* Dictionnaire des Batailles, &c, tome iv. p. 5.
1905.“ to continue, if possible, in sight,” until he had July
ascertained its route, &c.
Scarcely had the Æolus made sail upon her misrecall- sion when the Nile lugger, with despatches from sir
Robert Calder, joined the fleet. These despatches, besides indicating the exact spot at which sir Robert would be found, requiring to have their contents acknowledged, the admiral threw out to the Æolus
the signal of recall. The frigate accordingly put again back.
Having received, along with sir Robert Calder's rendezvous, (38 leagues north-west from from Cape Finisterre,) a letter from admiral Cornwallis Corn- to sir Robert, acknowledging the receipt of the latwallis ter's despatches, apprizing the vice-admiral that they Rob. had been forwarded to England, and that he had, Calder. some days since, sent the Niobe, and was now send
ing the #olus, to join him, Jord William sailed again to the westward.
On the 5th of August, very early in the morning, in with latitude 45° 55' north, longitude 9° 28' west, the
Æolus, standing to the westward with the wind at squa- north by west, discovered and bore up for seven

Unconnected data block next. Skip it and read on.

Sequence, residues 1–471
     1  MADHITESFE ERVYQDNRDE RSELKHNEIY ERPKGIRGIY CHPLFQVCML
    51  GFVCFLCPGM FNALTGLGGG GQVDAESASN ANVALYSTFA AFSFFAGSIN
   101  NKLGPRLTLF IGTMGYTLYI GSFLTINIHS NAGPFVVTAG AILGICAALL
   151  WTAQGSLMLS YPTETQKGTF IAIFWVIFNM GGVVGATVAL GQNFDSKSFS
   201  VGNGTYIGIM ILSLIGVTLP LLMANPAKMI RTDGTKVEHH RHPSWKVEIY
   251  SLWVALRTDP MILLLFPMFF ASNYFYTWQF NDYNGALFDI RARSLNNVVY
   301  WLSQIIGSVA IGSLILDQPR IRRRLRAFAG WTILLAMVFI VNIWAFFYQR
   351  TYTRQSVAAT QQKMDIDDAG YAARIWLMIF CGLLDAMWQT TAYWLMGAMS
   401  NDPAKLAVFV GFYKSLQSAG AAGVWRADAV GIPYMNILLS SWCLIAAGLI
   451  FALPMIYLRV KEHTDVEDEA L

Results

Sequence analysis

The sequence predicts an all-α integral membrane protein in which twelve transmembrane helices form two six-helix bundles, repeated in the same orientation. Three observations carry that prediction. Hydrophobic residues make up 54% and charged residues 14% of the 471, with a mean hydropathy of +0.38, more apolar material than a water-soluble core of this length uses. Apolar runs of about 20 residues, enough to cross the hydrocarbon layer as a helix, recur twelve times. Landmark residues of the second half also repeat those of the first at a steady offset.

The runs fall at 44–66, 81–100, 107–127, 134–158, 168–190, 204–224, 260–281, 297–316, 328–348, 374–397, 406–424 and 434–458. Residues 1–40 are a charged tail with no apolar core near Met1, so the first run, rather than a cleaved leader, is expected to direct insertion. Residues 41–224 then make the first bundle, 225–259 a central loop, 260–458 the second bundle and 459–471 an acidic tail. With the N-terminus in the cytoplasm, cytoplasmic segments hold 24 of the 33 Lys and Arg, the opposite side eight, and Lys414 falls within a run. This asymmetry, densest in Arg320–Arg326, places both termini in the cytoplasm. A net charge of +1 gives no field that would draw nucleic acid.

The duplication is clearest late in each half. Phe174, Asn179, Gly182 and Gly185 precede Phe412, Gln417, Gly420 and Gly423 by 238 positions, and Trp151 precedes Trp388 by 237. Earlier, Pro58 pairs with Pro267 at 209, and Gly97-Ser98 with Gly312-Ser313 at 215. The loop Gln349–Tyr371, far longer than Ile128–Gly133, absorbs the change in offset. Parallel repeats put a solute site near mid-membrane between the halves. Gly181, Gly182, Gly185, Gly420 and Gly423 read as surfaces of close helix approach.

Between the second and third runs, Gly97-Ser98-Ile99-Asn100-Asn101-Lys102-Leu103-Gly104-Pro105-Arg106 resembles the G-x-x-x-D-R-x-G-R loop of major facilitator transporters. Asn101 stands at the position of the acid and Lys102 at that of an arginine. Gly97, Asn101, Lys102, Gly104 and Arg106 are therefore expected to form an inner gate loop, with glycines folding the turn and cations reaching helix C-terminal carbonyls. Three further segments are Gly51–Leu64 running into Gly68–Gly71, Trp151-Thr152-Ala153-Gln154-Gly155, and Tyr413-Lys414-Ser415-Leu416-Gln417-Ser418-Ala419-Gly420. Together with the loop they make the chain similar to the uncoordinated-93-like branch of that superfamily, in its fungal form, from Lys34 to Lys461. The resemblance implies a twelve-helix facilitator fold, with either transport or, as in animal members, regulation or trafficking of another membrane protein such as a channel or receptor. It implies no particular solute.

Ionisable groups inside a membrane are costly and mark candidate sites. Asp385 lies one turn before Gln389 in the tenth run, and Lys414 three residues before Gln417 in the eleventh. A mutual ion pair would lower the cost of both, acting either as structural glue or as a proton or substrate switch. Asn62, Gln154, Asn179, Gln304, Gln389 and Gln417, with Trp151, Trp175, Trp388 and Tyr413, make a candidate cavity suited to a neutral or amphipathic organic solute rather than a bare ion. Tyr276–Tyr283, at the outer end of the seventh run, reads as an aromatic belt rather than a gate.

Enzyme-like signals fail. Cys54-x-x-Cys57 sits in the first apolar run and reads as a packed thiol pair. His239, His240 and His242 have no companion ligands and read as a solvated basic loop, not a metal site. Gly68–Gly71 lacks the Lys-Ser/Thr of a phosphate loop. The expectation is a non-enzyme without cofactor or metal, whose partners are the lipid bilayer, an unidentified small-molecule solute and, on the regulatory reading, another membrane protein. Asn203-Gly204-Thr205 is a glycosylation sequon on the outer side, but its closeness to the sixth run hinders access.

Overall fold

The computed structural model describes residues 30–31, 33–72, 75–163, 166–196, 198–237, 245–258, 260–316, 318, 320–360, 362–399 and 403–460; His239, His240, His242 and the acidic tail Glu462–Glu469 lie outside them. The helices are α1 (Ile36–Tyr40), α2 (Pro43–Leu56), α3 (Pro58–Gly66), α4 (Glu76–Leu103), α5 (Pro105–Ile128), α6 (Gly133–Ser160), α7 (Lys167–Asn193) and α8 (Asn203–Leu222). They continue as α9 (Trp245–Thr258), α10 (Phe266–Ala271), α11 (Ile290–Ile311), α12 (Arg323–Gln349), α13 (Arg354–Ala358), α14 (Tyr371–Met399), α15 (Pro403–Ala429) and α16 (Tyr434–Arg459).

strange sail in the south-south-east. At 6 h. 15 m. A. M. one of the seven strangers, evidently a frigate and detached from her consorts, boarded a merchant ship in the south-east, and shortly afterward set her on fire. At 8 A. M., perceiving that the strangers were an enemy's squadron of five sail of the line, one frigate, and one brig, the Æolus hauled to the wind on the larboard tack, with her head about northeast by east, for the purpose apparently of watching their movements. These vessels, with a frigate or two not then in company, were really the french squadron from Rochefort, so particularly adverted to by the orders under which lord William had been detached from the Channel fleet. “ If,” says admiral Cornwallis, you should fall in with a squadron of the enemy's ships, continue, if possible, in sight until
you can ascertain their route, and then push on